Latin America News
Sep 21, 2009
The Woodrow Wilson International Center for Scholars of the Smithsonian Institution will present the Woodrow Wilson Award for Public Service to His Excellency Luiz Inácio Lula da Silva, President of the Federative Republic of Brazil, at a dinner to be held on September 21, 2009, at the Waldorf-Astoria hotel in New York City. Rex W. Tillerson, chairman and CEO of Exxon Mobil and Eike F. Batista, chairman and CEO of the Brazilian EBX Group will serve as the dinner co-chairs for this prestigious event. "President Lula personifies the attributes we seek to honor at the Woodrow Wilson Center. He is a political leader who contributed decisively to bringing about the end of military rule and reopening the road to democracy in his country. This award is a tribute to a statesman who has strengthened Brazil immensely domestically and elevated its global standing," said Lee H. Hamilton, president and director of the Woodrow Wilson Center.
Mexico Institute Re-Launches Mérida Initiative Portal, a Public Resource on U.S.-Mexico Security Cooperation
Sep 15, 2009
The Mexico Institute at the Woodrow Wilson International Center for Scholars announced today the re-launch of its Mérida Initiative web portal (www.wilsoncenter.org/merida), a resource for researchers, journalists, policymakers, and the general public on the most significant bi-national security cooperation program ever undertaken between Mexico and the United States.
Aug 26, 2009
The Woodrow Wilson Center joins the family of Senator Edward Kennedy and the entire nation in mourning his passing. We remember with special appreciation his tireless efforts on behalf of human rights in Latin America.
Aug 21, 2009
Mato Grosso means thick forests, and the name was once apt. But today, this Brazilian state is a global epicenter of deforestation. Driven by profits derived from fertile soil, the region's dense forests have been aggressively cleared over the past decade, and Mato Grasso is now Brazil's leading producer of soy, corn and cattle, exported across the globe by multinational companies.
Aug 19, 2009
During her lifetime, Lispector, a catlike blond beauty with movie-star magnetism and an indefinably foreign accent, enjoyed an enormous succès d'estime in Brazil. Her fiction, which combines jewel-like language, deadpan humor, philosophical profundity and an almost psychotically lucid understanding of the human condition, was lauded for having introduced European modernism to a national literature felt to be pretty parochial.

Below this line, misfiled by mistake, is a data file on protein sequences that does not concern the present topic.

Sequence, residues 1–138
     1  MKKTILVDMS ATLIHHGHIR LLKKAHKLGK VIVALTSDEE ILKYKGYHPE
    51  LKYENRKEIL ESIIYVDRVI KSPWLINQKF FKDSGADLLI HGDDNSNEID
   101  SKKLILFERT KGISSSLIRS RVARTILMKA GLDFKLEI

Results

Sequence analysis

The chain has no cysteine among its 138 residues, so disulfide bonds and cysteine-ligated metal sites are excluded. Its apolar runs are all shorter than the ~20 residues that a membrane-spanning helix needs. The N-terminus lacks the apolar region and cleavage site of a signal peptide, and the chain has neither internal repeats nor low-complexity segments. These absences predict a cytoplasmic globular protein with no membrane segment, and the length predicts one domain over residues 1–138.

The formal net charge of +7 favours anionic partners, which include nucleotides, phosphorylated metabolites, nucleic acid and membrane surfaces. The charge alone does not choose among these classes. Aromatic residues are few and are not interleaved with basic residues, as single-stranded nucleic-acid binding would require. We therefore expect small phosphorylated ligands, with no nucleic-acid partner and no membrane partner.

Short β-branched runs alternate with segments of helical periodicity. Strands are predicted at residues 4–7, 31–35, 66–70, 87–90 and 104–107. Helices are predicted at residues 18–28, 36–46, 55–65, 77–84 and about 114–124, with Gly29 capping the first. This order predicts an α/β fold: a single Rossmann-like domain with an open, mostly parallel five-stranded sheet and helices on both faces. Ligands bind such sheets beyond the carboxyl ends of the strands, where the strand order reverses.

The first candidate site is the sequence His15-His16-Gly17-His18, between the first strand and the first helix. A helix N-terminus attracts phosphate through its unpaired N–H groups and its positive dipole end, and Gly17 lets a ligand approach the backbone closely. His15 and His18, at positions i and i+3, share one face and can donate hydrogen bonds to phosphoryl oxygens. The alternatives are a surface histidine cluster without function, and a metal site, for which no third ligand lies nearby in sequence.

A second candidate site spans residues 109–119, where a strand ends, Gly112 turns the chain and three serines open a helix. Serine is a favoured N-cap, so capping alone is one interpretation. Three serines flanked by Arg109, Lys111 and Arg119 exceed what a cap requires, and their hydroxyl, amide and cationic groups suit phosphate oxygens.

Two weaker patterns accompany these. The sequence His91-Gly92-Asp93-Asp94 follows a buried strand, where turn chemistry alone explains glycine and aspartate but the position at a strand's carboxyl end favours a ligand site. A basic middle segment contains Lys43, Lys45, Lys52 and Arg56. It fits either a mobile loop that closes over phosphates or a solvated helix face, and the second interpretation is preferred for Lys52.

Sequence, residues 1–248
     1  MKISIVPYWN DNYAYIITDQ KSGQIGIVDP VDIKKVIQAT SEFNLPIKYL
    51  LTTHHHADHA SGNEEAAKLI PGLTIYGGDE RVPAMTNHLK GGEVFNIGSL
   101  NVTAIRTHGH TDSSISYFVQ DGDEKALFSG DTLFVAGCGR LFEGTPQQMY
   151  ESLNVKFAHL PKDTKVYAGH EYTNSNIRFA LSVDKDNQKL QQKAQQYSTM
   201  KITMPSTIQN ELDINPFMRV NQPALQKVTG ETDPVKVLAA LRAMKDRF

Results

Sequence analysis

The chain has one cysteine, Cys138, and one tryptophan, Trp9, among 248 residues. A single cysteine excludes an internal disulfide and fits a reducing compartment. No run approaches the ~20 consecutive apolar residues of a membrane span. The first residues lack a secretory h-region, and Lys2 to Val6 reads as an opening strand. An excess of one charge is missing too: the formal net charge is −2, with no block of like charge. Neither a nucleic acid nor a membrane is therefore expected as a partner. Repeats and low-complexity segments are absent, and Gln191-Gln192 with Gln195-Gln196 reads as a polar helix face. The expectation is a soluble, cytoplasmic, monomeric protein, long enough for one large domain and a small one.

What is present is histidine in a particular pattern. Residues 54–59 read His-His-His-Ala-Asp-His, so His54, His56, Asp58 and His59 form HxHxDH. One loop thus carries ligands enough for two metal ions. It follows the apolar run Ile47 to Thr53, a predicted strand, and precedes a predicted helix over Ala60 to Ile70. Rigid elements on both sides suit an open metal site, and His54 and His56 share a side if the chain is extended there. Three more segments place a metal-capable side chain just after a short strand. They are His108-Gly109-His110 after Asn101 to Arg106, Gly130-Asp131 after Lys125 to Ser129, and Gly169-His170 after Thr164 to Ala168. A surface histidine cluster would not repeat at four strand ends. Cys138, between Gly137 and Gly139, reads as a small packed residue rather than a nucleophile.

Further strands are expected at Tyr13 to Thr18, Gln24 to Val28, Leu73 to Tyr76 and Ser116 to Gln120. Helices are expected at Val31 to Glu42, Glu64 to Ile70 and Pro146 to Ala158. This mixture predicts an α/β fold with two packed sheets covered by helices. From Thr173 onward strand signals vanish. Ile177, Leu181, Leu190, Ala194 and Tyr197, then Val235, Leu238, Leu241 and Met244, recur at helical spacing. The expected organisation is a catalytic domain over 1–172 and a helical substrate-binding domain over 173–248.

Aug 13, 2009
The Brazil Institute is hiring a Program Assistant. The Assistant will work as the principal administrative support and research assistant to the Director of the Brazil Institute.
Aug 12, 2009
We are pleased to announce this year's group of winners of the 2009 Woodrow Wilson Center-Washington Post Fellowship for Latin American Journalists. The fellowship provides an opportunity to conduct three weeks of reporting concerning hemispheric relations on an issue of importance to journalists' home countries, and works as an immersion program in the political culture of the U.S. capital.
Aug 11, 2009
Cattle ranching has become the biggest environmental challenge for Brazil's Mato Grosso state, which has launched a "cattle moratorium" to combat Amazon destruction, the state's governor said on Tuesday.Mato Grosso is calling on meatpackers to stop buying cattle raised in newly cleared areas of the world's largest rain forest. Environmental activists have cited ranching as a prime driver of Amazon degradation.
Aug 06, 2009
Brazil has the clout and credibility to assert itself as a leading voice in world climate talks to help ensure the success of any new treaty aimed at reducing global warming, the top U.S. environmental diplomat said on Thursday.Already a pioneer in clean energy and the use of biofuels such as cane-based ethanol, Brazil could cement its pro-environment credentials if it succeeds in slowing the destruction of the Amazon rain forest, U.S. climate change envoy Todd Stern said after a three-day visit to the South American nation.
Jul 20, 2009
Soy, biofuels, all the other commodities you may have heard linked to Amazon deforestation — they are as nothing compared to beef. There are good reasons why ranching thrives in the Amazon: land is free or cheap in most of it, cattle need minimal care, and they can walk to market.